Monday, August 08, 2011

Accuracy of Autism Self-Diagnosis

This was inspired by my previous post using data from the Wrong Planet discussion forum. I noticed that a large chunk of my sample were self-diagnosed, and that these individuals scored no differently on a self-report measure of empathy than the officially diagnosed respondents. However, I had a small sample size, especially when splitting into groups, and the test I was comparing them on wasn't a diagnostic test for autism spectrum conditions.

But that gave me an idea, and I found another Wrong Planet thread, a stickied thread where a poster had linked to several online tests useful for self-assessment of autistic traits. Overall, 237 people (myself included) had posted their results on at least one of these tests, including 63 diagnosed with Asperger Syndrome, 20 with other autism spectrum conditions, 76 self-diagnosed Aspies, 65 who were unsure if they were on the spectrum or not, 11 with a family member on the spectrum and 2 neurotypicals. (The latter two groups were put together for further analysis.) There were 101 males and 136 females, similar to the gender ratio in my previous study. All the groups had similar gender ratios.

The tests taken were the Broad Autism Phenotype Questionnaire, the Autism Spectrum Quotient, the Empathizing and Systemizing Quotients, the Emotional IQ Test, the Highly Sensitive Person test, the 'Reading the mind in the eyes' test, the Cambridge Face Memory test (the link is broken), the Aspie Quiz, the Asperger Syndrome Self-Assessment test and the Toronto Alexithymia Scale. Of those 10 tests, 5 directly assess for autistic traits, 2 test for social skills but not other aspects of autism, and the last 3 assess conditions that commonly co-occur with autism.

A one-way ANOVA found significant differences between groups on the BAPQ aloof and pragmatic scales, ASQ, EQ and Aspie Quiz. In all of those cases, this difference was due to the family/NT group scoring as less autistic than the other groups. In most cases, all four autistic/possibly autistic groups scored significantly more autistic than the family/NT group, with the exception of the BAPQ pragmatic scale in which only the diagnosed Asperger Syndrome and the self-diagnosed group's differences reached significance (these groups also have the largest sample size). None of the other four groups showed any significant differences with each other.

Then I decided to see which percentage of individuals in each group met cutoff scores on the various tests.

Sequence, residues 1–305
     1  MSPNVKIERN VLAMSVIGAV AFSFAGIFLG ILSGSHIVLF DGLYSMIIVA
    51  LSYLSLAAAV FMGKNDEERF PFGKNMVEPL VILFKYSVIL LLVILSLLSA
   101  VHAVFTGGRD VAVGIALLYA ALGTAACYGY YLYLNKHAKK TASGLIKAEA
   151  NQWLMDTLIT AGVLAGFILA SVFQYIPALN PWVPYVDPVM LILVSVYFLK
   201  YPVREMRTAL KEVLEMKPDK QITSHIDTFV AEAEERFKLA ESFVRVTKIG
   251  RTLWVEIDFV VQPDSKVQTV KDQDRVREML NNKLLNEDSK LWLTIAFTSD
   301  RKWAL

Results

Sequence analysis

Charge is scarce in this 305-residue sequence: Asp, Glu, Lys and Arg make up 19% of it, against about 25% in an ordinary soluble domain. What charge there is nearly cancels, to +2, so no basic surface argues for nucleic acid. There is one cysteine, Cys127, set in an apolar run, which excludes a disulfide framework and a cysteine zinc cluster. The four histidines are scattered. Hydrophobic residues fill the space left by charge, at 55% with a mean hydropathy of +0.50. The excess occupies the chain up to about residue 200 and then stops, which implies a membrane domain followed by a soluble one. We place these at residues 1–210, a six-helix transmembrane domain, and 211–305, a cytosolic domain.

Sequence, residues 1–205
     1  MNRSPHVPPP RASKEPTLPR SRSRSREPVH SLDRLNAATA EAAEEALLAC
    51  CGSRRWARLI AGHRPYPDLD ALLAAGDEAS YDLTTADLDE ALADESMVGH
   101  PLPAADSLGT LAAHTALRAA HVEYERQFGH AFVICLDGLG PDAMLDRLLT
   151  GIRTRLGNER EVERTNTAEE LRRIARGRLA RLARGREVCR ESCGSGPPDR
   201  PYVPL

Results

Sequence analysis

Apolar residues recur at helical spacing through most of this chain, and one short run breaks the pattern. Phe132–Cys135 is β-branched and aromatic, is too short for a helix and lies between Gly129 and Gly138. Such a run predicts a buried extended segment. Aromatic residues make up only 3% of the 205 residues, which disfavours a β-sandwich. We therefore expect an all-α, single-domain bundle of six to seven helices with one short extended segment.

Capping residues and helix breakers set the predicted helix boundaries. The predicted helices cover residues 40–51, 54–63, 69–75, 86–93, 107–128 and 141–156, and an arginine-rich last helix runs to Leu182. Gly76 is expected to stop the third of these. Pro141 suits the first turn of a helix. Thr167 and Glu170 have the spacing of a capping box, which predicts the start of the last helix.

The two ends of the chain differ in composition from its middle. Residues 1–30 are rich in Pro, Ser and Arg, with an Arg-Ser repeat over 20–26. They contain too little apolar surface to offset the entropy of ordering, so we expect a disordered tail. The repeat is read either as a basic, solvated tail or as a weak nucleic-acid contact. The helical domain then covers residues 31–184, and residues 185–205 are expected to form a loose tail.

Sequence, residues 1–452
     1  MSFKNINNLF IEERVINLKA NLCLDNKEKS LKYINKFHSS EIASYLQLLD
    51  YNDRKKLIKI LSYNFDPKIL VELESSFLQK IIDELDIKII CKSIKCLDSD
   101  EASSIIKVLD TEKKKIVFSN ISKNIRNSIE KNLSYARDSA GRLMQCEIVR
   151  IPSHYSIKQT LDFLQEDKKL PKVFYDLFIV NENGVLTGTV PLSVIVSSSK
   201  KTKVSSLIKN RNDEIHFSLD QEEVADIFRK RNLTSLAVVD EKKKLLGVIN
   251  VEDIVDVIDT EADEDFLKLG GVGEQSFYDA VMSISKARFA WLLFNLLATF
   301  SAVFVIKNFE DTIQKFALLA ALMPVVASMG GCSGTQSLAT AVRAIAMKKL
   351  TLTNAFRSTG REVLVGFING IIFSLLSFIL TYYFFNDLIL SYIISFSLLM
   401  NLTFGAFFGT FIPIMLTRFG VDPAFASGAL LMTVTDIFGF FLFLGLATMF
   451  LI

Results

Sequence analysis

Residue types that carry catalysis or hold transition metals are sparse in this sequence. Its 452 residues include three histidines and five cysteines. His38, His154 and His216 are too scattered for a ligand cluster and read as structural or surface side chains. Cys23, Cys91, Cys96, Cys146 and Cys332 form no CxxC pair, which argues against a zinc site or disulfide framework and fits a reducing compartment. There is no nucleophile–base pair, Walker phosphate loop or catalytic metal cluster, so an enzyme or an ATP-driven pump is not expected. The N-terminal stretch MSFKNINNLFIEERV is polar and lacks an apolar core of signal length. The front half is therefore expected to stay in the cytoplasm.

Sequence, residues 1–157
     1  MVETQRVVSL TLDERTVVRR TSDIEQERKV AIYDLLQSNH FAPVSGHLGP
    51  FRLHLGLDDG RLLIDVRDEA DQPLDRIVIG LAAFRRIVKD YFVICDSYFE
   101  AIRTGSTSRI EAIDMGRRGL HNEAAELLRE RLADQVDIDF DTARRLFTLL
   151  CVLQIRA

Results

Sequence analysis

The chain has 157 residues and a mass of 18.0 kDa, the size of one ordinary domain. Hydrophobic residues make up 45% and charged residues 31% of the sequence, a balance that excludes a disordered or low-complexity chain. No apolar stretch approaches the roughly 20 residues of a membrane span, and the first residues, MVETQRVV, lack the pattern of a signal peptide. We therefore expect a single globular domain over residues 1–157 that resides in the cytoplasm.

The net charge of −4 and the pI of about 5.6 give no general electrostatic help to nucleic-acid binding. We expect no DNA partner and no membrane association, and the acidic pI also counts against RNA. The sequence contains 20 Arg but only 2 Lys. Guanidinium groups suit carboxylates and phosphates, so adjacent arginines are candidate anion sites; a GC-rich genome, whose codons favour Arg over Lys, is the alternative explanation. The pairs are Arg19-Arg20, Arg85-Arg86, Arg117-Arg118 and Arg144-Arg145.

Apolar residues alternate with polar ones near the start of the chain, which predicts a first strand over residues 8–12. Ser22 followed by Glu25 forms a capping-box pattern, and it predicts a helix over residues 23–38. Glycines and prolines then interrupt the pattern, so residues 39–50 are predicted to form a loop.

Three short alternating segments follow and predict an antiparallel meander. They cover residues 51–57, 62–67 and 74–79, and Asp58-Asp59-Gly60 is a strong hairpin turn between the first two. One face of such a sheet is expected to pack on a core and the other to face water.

The BAPQ is designed to assess the broader autistic phenotype, rather than autism spectrum conditions. As a result, the cutoff scores (89 for aloof, 81 for rigid and 79 for pragmatic) simply determine whether or not the person has a genetic predisposition to autism, and not whether they're autistic. However, autistic people would be expected to score quite high on this scale, and so they do (group differences almost significant at p=.073):
  • diagnosed AS: 87% meet cutoff on all three scales, 4% on 2 scales and 9% on one scale only
  • other autistic: 89% meet cutoff on all three scales and 11% on only 2 scales
  • self-diagnosed: 91% meet cutoff on all three scales, 4% on 2 scales and 1% on one scale only
  • unsure if autistic: 88% meet cutoff on all three scales, 10% on 2 scales and 2% on one scale
  • family/NT: 67% meet criteria on all three scales and 33% meet criteria on none of the scales (sample size of 3)
The ASQ is a test for autism spectrum conditions. Studies have shown that a cutoff of 32 shows good reliability in distinguishing autistic people from non-autistic people. This cutoff clearly distinguished the family/NT group from the others (p<.001, though the other autistic group fell short of significance):
  • diagnosed AS: 92% scored at or above 32
  • other autistic: 69% scored at or above 32
  • self-diagnosed: 95% scored at or above 32
  • unsure if autistic: 83% scored at or above 32
  • family/NT: 43% scored at or above 32
The Empathizing and Systemizing Quotients are based on the Extreme Male Brain theory of autism popularized by Simon Baron-Cohen. EQ is a measure of social skills and empathy, and SQ (the type used here is the SQ-R) is a measure of mechanical/scientific inclination. The ratio of EQ to SQ is used to classify individuals into four types - Extreme Empathizer, Empathizer, Balanced, Systemizer, and Extreme Systemizer. Autistic people usually score as Extreme Systemizers (family/NT differ from all other groups at p<.001):
  • diagnosed AS: 90% Extreme S, 3% S, 5% Balanced and 2% E
  • other autistic: 81% Extreme S, 13% S and 6% Balanced
  • self-diagnosed: 96% Extreme S, 4% S
  • unsure if autistic: 92% Extreme S, 6% S and 2% Balanced
  • family/NT: 50% Extreme S and 50% Extreme E (sample size of 4)
The Emotional Intelligence test was not designed to assess autistic people. Instead, it was designed in reaction to the observation that full-scale IQ has relatively poor power to predict lifetime success, leading researchers to suspect that another factor was important. It is designed to be normed like an IQ test, and therefore a score under 75 would be deficient. Between-group differences on this test were not significant(p=.498), with 40-70% of each group scoring below that cutoff. In general, it seems that autistic people tend to perform poorly on this test, but the effect is not very strong.

The Asperger Syndrome Self-Assessment had very low response rates, with 3 diagnosed AS, 1 other autistic, 1 self-diagnosed and 3 unsure if autistic participants filling it out. As a result, I will not analyze it further.